The set of source tables and the target star schema we need to generate is as follows:

From source to star schema

Note, I’ve excluded the crucial time dimension for brevity, and you’ll also notice I’ve included a batch ETL scenario to showcase how we could implement a Type II slowly changing dimension requirement.


Given the scenario we’ll implement the following architecture:

The streaming source section might seem overly complicated so this deserves a little explanation. To generate a streams of data we will use a utility to generate json data for both adverts and impressions. The utility supports defining a schema of your choice but unfortunately only supports sending data to IoT Hub. We’ll need to use stream analytics to consume the stream and route it based on the contents of the file either to Event hub or Cosmos DB.

Looking at the store section now, you may wonder why or how we can send a stream to Cosmos DB. In the scenario description above, it was mentioned that adverts need to be accessible by an operational application, from which individual adverts need to be quickly accessed. This is a good fit for Cosmos DB which provides scalability and single-digit-millisecond latency. Stream analytics can easily send a stream to Cosmos DB and we can read it back again as a stream using the superb change feed feature. Stream analytics will route Impressions to event hubs and Databricks will read both of these streams, run the ETL pipeline and stream the results to Azure SQL Data warehouse. There will also be various pipelines run in batch to provide a more comprehensive set of scenarios.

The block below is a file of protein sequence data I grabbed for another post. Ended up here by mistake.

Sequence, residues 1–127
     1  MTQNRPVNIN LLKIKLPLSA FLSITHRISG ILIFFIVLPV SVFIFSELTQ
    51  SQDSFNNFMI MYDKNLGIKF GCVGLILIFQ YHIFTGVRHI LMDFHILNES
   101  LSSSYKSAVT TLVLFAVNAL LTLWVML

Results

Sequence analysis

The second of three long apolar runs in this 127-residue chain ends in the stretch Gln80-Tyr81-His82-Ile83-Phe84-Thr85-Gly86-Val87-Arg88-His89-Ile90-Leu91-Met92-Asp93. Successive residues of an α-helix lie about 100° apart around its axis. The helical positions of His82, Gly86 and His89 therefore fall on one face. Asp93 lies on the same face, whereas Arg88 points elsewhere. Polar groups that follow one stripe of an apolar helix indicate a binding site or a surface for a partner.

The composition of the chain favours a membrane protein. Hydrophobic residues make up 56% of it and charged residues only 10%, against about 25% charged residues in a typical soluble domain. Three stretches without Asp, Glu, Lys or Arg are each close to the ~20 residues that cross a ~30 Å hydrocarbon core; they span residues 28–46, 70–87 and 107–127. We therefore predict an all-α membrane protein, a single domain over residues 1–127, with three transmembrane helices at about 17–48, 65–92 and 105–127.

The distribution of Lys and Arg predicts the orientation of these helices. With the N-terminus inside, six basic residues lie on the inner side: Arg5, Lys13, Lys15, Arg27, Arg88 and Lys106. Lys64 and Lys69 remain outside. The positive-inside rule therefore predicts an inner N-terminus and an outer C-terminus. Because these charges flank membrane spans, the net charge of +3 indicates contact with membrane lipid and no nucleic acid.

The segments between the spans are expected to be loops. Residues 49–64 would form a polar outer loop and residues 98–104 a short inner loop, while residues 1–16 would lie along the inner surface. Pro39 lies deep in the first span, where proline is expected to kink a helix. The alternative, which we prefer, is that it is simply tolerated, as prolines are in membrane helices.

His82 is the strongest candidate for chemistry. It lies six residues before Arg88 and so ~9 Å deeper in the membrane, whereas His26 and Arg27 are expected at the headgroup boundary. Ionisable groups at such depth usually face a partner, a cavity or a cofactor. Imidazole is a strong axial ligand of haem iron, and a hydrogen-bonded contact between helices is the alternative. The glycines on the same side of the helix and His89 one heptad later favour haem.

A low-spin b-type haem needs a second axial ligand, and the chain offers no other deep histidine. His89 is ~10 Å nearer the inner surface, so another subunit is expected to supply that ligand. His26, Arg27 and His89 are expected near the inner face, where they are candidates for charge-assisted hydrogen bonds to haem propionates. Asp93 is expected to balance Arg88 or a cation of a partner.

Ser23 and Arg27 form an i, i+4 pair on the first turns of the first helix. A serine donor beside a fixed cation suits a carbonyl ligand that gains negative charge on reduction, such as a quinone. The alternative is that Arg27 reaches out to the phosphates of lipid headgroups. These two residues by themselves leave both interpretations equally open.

For a more realistic demonstration, I wanted to showcase how we take two streams, join them, as well as join with other slowly changing reference data. In fact, one of the advantages of Databricks, (more specifically Spark), is that you can read from many different data sources and data formats with relative ease, perform joins and transformations, and then write the output to a multitude of targets. This is why it has become a popular choice for data lake analytics.

Next, in the 2nd part of this blog, we’ll build out the above architecture but if you’re eager just to run the pipeline there will be an option described in part III to achieve this with minimal setup required.

Microsoft Azure

Any language. Any platform. Our team is focused on making the world more amazing for developers and IT operations communities with the best that Microsoft Azure can provide. If you want to contribute in this journey with us, contact us at

Nicholas Hurt

Written by

My personal blog, usually tech related. My views are my own.

Microsoft Azure

Any language. Any platform. Our team is focused on making the world more amazing for developers and IT operations communities with the best that Microsoft Azure can provide. If you want to contribute in this journey with us, contact us at